Abstract Details


Poster 53: Target Identification of Anti-prion Compounds

Valencia, J.M.1, Chen, B.2, Gillet, V.J.1
1Information School, University of Sheffield, Regent Court, 211 Portobello Street, Sheffield S1 4DP
2Department of Chemistry, University of Sheffield, Sheffield S3 7HF
The Spongiform Encephalopathies are a group of progressive and fatal neurological diseases occurring in a variety of animals and humans. They are caused by the proteinaceous infectious particle prion PrPSc which is able to transform the normal prion isoform PrPC to the infective conformation by a mechanism which remains unknown[1]. Although spread of the encaphalopathic diseases is under control, the prion protein remains important due to its implication in Alzheimer's disease[2].
Recently, Chen[3] and co-workers have yielded a handful of novel potent anti-prion compounds with EC50 in the range 1-10 nM in a cellular model of the disease. However, these compounds do not show significant interactions with the recombinant prion protein in in vitro binding studies. The aim of this work is to apply a range of in silico target deconvolution approaches in order to identify the possible target and mechanisms of action of these compounds.
We have implemented an inverse docking protocol in GOLD (www.ccdc.cam.ac.uk) on a High Performance Computer Cluster in order to identify possible targets of two anti-prion compounds belonging to the indole family. Two inverse-docking experiments were carried out. The first involved generating a database using the list of 333 genes differentially expressed during a prion infection identified by Hood4 and co-workers. The genes were converted to protein IDs and the database compiled by extracting compounds from the Protein Data Bank (25% of the structures) and homology databases (such as the Swiss-Model Repository, Database of Annotated Comparative Protein Structure Models and the Database of Protein Disorder among others). However, due to the lack of x-ray structures and the quality of the models, a second inverse docking experiment was carried out using the PDBBind database[5]. In both cases, the protein structures were prepared for docking in GOLD by making hydrogens explicit, deleting water molecules, ligands, ions, and, in the case of PDBBind, structures with a similarity of 90% or higher were removed. Protonated energy-minimized 3D structures of the anti-prion compounds were generated in CORINA from SMILES strings.
A benchmark inverse docking experiment showed that ChemScore was the top performing GOLD scoring function, followed closely by ChemPLP. Therefore, a script was implemented to carry out the inverse docking using GOLD 5.1 and ChemScore. Each anti-prion compound was screened against each 3D structural database, the proteins were ranked for each ligand and the top 1% of targets was selected. Possible correlations with the prion disease and protein were searched in SciFinder and in the list of 333 Differentially Expressed Genes[4].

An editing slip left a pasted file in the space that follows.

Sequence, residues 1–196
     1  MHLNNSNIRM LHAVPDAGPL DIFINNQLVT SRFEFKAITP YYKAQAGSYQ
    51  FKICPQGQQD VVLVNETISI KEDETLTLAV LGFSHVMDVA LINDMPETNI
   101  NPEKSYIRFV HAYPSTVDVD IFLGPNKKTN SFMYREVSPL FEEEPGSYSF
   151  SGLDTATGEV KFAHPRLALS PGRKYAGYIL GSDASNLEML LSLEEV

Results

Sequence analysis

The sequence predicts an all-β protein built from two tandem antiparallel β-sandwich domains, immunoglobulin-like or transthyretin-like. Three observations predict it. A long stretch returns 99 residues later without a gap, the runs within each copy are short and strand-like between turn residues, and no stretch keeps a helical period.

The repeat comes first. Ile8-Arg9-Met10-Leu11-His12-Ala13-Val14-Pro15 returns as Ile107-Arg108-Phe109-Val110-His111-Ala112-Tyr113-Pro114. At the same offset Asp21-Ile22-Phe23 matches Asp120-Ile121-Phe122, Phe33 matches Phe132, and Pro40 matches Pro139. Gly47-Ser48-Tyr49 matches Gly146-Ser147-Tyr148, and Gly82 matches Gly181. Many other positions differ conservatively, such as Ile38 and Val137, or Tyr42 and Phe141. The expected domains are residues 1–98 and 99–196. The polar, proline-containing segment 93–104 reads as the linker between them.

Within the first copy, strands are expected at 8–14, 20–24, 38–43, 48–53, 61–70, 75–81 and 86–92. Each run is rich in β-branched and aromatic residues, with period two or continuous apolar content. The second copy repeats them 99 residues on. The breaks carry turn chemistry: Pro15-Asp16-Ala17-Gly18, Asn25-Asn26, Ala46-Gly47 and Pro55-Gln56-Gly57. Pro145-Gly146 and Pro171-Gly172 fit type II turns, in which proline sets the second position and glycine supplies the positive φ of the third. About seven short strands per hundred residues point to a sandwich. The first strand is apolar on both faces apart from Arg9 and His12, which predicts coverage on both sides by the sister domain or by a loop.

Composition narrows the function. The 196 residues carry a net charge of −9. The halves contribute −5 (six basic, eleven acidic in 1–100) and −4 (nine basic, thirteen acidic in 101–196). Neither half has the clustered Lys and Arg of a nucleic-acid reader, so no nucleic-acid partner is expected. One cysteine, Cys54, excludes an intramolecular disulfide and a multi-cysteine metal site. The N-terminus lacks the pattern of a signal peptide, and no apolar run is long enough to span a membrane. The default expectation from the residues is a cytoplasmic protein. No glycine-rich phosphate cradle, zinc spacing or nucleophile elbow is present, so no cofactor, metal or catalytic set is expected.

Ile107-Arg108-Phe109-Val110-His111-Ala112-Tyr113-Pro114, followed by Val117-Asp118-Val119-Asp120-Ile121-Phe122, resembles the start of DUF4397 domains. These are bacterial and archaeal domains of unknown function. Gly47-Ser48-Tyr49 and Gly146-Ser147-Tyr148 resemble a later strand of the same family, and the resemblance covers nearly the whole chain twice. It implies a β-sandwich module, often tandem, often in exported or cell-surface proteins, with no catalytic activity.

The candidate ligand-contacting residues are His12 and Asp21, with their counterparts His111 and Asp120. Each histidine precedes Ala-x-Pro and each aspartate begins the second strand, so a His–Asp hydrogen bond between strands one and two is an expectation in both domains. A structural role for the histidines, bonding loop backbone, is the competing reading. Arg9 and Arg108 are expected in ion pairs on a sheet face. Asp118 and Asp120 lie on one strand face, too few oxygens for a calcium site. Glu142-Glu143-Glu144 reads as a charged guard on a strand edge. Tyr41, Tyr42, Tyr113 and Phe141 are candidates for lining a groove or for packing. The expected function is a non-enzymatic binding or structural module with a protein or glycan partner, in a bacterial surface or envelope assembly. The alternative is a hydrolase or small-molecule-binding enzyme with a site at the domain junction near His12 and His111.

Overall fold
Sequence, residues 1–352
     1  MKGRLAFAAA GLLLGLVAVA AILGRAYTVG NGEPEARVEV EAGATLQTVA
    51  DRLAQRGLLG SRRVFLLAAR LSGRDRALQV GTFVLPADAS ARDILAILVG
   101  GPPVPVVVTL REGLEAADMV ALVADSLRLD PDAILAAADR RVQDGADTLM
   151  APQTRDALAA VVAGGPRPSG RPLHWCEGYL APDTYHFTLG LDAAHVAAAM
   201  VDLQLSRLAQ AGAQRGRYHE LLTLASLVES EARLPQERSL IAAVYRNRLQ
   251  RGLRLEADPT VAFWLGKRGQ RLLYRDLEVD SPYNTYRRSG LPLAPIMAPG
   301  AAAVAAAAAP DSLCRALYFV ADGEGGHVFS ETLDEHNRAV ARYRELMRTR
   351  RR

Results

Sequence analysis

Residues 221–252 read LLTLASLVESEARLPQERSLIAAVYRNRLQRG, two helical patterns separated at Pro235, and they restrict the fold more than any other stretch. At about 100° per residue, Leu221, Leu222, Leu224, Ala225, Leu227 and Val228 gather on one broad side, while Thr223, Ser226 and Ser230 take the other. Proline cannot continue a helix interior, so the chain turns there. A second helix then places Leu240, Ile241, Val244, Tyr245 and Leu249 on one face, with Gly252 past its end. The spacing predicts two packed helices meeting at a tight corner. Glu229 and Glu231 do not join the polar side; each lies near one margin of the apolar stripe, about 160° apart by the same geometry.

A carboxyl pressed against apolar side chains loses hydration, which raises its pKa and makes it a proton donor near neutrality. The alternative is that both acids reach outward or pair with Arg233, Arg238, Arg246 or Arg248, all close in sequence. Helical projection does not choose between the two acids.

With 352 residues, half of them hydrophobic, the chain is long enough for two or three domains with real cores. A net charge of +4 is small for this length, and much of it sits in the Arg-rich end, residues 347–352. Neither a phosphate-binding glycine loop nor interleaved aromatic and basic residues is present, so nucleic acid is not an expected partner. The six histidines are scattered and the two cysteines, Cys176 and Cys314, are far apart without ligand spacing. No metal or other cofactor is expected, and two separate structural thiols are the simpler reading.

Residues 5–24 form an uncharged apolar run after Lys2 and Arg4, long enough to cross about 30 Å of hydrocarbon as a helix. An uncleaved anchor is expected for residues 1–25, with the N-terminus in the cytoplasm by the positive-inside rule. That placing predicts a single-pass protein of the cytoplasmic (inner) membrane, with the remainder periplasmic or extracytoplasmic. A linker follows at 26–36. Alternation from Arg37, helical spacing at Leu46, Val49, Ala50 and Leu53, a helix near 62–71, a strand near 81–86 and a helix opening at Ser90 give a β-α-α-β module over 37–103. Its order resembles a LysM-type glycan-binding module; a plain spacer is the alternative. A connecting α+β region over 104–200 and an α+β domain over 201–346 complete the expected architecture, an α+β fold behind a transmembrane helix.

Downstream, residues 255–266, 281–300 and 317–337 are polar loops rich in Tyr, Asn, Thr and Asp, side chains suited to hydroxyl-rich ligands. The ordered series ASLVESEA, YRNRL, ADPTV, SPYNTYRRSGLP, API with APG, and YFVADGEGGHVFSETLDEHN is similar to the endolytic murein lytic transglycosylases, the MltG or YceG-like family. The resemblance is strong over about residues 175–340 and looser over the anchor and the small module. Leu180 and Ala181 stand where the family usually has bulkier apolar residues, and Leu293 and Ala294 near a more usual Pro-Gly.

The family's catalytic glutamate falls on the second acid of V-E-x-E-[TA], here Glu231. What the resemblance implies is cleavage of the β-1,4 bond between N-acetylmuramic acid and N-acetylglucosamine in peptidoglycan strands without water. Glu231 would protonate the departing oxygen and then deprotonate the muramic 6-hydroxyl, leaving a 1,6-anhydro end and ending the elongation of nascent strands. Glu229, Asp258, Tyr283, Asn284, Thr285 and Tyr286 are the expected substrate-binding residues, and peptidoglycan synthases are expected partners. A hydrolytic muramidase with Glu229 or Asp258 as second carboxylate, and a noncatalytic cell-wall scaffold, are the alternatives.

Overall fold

In parallel, microarrays and mass spectrometry experiments using perpetually infected Scrapie Mouse Brain cells of mesodermal origin and the anti-prion compounds were conducted. 18 proteins and approximately 4400 genes were identified to be differentially expressed. However, due to the complexity of the experiment it was not possible to include controls with healthy cells in order to discard basal effects of the compounds.
Using inverse docking, several targets were found to occur in the top ranking positions for both compounds, some of these targets have high similarity with targets already reported in the literature to be relevant for the prion disease. Some of the targets identified with this method also were found in the list of genes identified by microarrays, however, none was found in the list from proteomics. This method has reduced the list of possible targets to a reasonable number to be test one by one in wet lab experiments in order to validate the true biological target.

1. Solforosi, L.; Milani, M.; Mancini, N.; Clementi, M.; Burioni, R., A closer look at prion strains Characterization and important implications. Prion 2013, 7 (2), 99-108.
2. Manuelidis, L., Infectious particles, stress, and induced prion amyloids: A unifying perspective. Virulence 2013, 4 (5).
3. Thompson, M. J.; Borsenberger, V.; Louth, J. C.; Judd, K. E.; Chen, B., Design, synthesis, and structure-activity relationship of indole-3-glyoxylamide libraries possessing highly potent activity in a cell line model of prion disease. Journal of medicinal chemistry 2009, 52, 7503-11.
4. Hwang, D.; Lee, I. Y.; Yoo, H.; Gehlenborg, N.; Cho, J. H.; Petritis, B.; Baxter, D.; Pitstick, R.; Young, R.; Spicer, D.; Price, N. D.; Hohmann, J. G.; Dearmond, S. J.; Carlson, G. A.; Hood, L. E., A systems approach to prion disease. Mol Syst Biol 2009, 5, 252.
5. Wang, R.; Fang, X.; Lu, Y.; Yang, C. Y.; Wang, S., The PDBbind database: methodologies and updates. J Med Chem 2005, 48 (12), 4111-9.



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